“Mean Girls” Sex Ed: Better than Texas?
One of the best scenes from the movie Mean Girls features a snapshot of sex ed in a high-school health class-the teacher warns students not to have sex because they'll get pregnant and die, and then proceeds to distribute condoms to the class.
This parody, which takes place in a fictional Illinois high school, became a little more realistic in May after the Illinois state legislature passed a bill requiring high school sex education to include information about effective methods of birth control. The bill passed by the Illinois state House and Senate expands sex education to include a more comprehensive curriculum, including abstinence, contraception, HIV/AIDS, and sexually transmitted infections. Schools and parents still have the option to opt-out of sex education without penalty if they wish.
The bill represents a major step forward for education and public health, and it's one Texas should look to in order to prevent unintended pregnancies and improve the health of our teens.
Read about how the current state of sex ed is harming Texas teens after the jump. The Illinois bill comes at a time when more and more American teens are sexually active. By age 19, 71% of teens will have had sex. Though teenage pregnancies have declined over the past two decades, the CDC reports that the US still has the highest teen birth rate in the developed world. Half of those pregnant teens reported that they did not use any form of birth control when they got pregnant, and of these, “nearly one third (31.4%) believed they could not get pregnant at the time.” Despite this, abstinence-only education that ignores contraception is prominently on the rise. 25 states, including Texas, currently require that abstinence be stressed, while only 17 require information about contraception be provided. This is especially troubling when studies have repeatedly shown that comprehensive, “abstinence-plus” education is highly effective. Comprehensive sex education does not increase the likelihood of adolescent sexual activity, but it does significantly lower the risk of pregnancy compared to abstinence-only education.
Texas politicians have ignored widely accepted facts and instituted a strictly abstinence-only curriculum. A Texas Freedom Network report found that 94% of sex education in Texas is abstinence-only, and “more than 96 percent of school districts – with more than 3.7 million students – fail to teach any medically accurate information on responsible pregnancy and disease prevention.” Fear, shame, and religion are commonly used tactics to try to dissuade teens from engaging in sexual activity. It's no surprise that these methods don't seem to be working. Texas ranks 4th in the nation in teen pregnancies. 20% of sexually active Texas high schoolers don't use any form of contraception, well above the national rate of 13% who have unprotected sex. We also have one of the highest rates of repeat teenage pregnancies in the US. In contrast, California, who uses a comprehensive, medically-accurate curriculum has seen its teen birth rate plummet.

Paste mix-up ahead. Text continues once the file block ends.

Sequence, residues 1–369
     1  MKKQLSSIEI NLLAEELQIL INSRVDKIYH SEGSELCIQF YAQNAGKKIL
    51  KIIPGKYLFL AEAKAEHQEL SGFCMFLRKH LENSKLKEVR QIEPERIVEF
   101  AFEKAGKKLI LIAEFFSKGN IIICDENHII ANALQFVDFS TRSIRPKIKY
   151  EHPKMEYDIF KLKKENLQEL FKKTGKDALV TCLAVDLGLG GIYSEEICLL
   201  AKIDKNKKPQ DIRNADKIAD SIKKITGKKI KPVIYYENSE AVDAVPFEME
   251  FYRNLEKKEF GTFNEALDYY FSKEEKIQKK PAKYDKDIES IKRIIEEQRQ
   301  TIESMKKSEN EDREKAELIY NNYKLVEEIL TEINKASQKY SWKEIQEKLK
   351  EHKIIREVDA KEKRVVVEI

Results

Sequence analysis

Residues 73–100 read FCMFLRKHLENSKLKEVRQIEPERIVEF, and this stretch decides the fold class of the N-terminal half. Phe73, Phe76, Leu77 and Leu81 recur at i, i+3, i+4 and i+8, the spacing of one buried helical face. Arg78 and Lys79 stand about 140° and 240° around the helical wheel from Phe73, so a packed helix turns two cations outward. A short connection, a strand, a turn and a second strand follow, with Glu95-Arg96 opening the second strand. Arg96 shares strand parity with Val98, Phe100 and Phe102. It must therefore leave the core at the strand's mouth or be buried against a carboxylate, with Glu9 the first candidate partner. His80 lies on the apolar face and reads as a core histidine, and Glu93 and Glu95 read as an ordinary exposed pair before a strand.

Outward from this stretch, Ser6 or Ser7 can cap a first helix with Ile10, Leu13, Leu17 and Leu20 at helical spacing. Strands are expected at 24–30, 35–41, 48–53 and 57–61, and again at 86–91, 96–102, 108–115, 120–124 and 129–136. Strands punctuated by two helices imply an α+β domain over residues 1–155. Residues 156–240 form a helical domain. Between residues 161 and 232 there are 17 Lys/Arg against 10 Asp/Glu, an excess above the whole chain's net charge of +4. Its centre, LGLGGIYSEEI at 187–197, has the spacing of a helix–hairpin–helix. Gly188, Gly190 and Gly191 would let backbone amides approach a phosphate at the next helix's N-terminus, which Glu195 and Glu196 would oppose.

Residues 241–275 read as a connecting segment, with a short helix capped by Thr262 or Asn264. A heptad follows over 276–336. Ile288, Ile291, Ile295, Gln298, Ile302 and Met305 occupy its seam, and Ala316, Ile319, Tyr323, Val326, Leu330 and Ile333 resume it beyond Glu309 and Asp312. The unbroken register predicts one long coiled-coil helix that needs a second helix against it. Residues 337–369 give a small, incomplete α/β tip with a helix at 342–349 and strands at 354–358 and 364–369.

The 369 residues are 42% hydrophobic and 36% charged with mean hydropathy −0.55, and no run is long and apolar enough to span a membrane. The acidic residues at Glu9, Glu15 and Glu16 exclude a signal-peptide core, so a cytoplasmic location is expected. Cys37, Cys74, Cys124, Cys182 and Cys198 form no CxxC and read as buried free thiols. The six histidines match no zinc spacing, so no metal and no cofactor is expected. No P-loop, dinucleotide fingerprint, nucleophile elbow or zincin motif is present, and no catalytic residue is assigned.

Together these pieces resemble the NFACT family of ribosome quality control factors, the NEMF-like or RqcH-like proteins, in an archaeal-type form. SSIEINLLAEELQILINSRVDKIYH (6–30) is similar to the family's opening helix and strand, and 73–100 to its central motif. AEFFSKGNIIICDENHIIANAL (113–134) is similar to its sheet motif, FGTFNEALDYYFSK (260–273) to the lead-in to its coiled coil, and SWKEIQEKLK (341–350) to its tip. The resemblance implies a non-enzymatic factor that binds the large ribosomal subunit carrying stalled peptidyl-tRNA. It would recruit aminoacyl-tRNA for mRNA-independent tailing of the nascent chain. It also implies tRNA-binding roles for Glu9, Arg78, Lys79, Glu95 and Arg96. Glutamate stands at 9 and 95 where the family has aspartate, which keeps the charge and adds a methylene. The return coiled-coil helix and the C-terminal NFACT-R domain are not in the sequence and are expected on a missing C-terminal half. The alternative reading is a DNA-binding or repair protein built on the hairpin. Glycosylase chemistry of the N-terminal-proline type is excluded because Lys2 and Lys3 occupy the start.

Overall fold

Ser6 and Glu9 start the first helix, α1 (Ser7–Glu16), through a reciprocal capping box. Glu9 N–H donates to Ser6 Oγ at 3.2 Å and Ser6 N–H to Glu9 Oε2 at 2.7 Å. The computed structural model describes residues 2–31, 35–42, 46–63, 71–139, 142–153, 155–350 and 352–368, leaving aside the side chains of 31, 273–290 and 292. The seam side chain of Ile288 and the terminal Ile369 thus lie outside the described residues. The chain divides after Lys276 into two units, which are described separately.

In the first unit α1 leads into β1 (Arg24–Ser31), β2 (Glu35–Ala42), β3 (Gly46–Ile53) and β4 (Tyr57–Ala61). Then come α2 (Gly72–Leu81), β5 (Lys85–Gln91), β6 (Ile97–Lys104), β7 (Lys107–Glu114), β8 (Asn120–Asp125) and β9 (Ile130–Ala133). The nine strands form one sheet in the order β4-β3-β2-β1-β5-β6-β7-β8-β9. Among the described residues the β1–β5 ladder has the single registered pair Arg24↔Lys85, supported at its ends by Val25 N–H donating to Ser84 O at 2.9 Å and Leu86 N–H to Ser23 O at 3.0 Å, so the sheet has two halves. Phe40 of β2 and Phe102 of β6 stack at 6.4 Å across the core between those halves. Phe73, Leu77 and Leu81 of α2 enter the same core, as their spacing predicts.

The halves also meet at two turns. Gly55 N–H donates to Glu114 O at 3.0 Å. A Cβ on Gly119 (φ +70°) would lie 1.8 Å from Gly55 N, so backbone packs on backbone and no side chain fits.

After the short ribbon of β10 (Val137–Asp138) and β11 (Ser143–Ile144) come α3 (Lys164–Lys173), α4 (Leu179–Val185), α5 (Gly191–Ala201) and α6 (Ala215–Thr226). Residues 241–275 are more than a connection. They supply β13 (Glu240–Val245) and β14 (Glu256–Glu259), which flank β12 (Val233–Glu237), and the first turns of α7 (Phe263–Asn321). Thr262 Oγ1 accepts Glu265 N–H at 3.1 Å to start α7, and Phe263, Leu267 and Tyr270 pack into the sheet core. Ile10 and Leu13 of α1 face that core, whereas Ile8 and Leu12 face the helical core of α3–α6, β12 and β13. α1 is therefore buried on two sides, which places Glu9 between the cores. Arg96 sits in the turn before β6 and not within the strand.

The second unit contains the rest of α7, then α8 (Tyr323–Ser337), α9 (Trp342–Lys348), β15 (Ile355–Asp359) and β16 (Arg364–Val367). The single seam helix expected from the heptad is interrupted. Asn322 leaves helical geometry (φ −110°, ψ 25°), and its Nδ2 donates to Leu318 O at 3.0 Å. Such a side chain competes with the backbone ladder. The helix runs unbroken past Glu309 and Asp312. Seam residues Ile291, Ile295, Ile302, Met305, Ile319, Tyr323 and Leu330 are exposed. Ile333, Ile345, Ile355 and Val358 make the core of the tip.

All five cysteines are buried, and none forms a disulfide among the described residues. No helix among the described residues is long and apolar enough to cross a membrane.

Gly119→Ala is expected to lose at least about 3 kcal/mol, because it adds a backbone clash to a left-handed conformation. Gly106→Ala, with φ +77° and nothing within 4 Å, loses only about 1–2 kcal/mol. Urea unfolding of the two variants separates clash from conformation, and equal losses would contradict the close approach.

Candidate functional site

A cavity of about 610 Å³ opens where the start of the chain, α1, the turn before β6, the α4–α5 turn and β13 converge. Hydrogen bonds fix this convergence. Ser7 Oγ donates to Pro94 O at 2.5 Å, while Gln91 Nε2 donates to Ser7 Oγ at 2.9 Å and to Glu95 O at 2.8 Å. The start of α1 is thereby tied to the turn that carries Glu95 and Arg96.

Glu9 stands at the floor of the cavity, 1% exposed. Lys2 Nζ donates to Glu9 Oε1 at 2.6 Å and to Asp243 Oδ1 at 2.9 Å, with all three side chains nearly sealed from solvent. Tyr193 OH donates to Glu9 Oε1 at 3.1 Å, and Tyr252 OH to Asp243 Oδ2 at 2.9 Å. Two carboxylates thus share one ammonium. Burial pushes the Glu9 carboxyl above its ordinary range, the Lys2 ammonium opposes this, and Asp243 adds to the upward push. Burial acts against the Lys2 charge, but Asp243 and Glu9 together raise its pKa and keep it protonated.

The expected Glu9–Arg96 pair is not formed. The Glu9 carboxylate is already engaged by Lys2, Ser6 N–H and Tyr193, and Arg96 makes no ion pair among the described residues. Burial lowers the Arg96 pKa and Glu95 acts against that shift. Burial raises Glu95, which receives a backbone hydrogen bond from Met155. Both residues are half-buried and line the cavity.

Texas lawmakers haven't done much about sex education, but when they have it's been (in typical Texas Lege fashion) designed in a way that harms poor and minority women. In the spring legislative session, state Senator Ken Paxton (R-McKinney) introduced SB 521, which would prohibit the use of sex ed materials that came from an abortion provider (i.e. Planned Parenthood), and would require parents to fill out a form to opt-in to sex education instead of opting out. Placing the burden on parents to opt-in to sex ed would ensure that many children would not receive sex education, especially for children coming from low-socioeconomic backgrounds with less-involved parents, who are the ones that need effective public education the most. Though the bill ultimately didn't become law this session, it shows where Republican legislators' priorities are when it comes to sex education-they're only in favor of talking about it when they can promote a harmful ideological agenda at great expense to public health.
Abstinence-only education harms Texas in a variety of ways. It hurts teens by “alienating the young people at highest risk of negative health outcomes by promoting a 'one size fits all' vision of adolescence that matches the true experiences of only a minority of youth.” It hurts state institutions, placing a financial burden on them to provide for more teenage mothers without the means to provide for their families. And it makes our state more unequal, disproportionately putting poor and minority teens at risk for STIs and pregnancy because they lack the resources to seek out medically-accurate information about sex from outside sources. Public health should replace ideology as the driving force behind Texas sex education policies. We should look to Illinois as a model for how to effectively incorporate abstinence and contraception into sex ed curriculum. Equipping our teens with the right information make healthy choices in adulthood is crucial, and it is the way to ensure a safe, healthy, thriving population in the future.